It’s not easy to review something that you’re not the target audience for, and I’m 100% certain that Jet Pack Pets was not created with the pushing-thirtysomething crowd in mind.  This is a dead giveaway since the back cover blurts “The Jet Pack Pets first appeared in Disney Adventures magazine”, a periodical which, unless you have a child under the age of six in your household, I’d be surprised to find on your routine reading list.

So yes, the JPP was created for the youngsters, the wee ones, and not for me.  Can I, as reviewer, look at it objectively enough to determine its worth?  Well, yes, and no.  On the one hand I recognize that the simplistic line work, the vibrant colors, and the cutesy stories (all between one and eight pages in length) in this compilation is going to be attractive to a certain demographic of undiscerning pre-pre-tweens, and even as an almost-thirtysomeone I found the kitschy title and Cartoon Network/Nickelodeon style illustrations to be attractive enough to pick the book off the shelves.  On the other hand, actually reading this thing, I can’t seem to distinguish it from being anything other than a Powerpuff Girls knock-off, minus the inspired zaniness.  You have a trio of cutesy flying heroes taking on unusual villains or just helping save the day, products of an ingenious professor, and saving the day when the town’s mayor, police captain, and fire chief are helpless (each of whom has that helpless adult buffoon thing going on).

Ultimately, it is for the kids, and altogether it is an attractive package in that regards.  I’m sure the little ones will actually find the JPP’s similarity to the Powerpuff Girls (or any other cartoon or comic) to be a benefit, rather than a detractor.


The OMAC Project
(DC Comics)

By Russell Paulette

 Last March, when all this Countdown to Infinite Crisis hullabaloo began, Devon gave a full thumbs-up to the one-shot that set everything in motion (RIGHT HERE), while I similarly crowed about Greg Rucka and Jesus Saiz’s first issue of The OMAC Project (RIGHT HERE).  The collection, from this past October, not only includes the entire mini-series, but also the one-shot, and a significant issue of Wonder Woman, which directly affects the mini-series smack-dab in the middle of it all.  How does it shape up under one cover?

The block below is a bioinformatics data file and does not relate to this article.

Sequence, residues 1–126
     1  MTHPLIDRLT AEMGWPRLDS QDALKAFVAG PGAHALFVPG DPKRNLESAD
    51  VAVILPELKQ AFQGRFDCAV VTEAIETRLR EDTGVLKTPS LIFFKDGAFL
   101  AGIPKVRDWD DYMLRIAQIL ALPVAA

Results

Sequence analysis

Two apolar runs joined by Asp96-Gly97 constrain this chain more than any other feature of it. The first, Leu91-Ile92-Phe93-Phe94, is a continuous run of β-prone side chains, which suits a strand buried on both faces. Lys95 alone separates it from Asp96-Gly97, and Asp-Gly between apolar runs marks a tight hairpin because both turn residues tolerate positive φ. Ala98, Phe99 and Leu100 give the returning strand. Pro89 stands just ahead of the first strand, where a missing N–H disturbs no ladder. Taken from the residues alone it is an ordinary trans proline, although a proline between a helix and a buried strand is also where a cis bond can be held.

Rucka’s plot—with much assistance, to be sure, by DC editorial and the other Countdown stalwarts, Judd Winick and Geoff Johns—focuses on the DC spy organization, Checkmate.  Having been corrupted from within by Maxwell Lord, who has given Checkmate the mandate to actively seek all the information they can on metahuman activity using Brother I, a stolen Batman-designed satellite, Lord—ahem—lords his power over the superhuman community.  When he kills a major DC hero, bringing all sorts of attention—as well as the intruding Superman/Wonder Woman crossover, which effectively ending what power he holds—the series takes a turn, placing Brother I in the antagonist role, fulfilling Lord’s eugenic legacy in the form of OMAC robots. 

For the most part, Rucka has a thankless job, presenting a mini-series that is meant to position one of the antagonists for Infinite Crisis and, therefore, naturally lacks an ending.  That the plotline spills over into yet-another crossover is considerably annoying, but the trade paperback does its best to orient the readers, giving summaries of the issues not included catching you up-to-date on what you missed between the pages.  That said, it’s kind of a mess—the plot is all over the place, and the series jumps around with which heroes it decides it wants to focus on.  Mostly, Rucka keeps a handle on it—his point of view is often with the plight of Checkmate agent, Sasha Bordeaux, and her struggle at maintaining a semblance of order in the crumbling spy organization.  However, keeping the focus on Batman’s former bodyguard doesn’t keep this thing from being a tangled mess—and make no mistake, it remains one.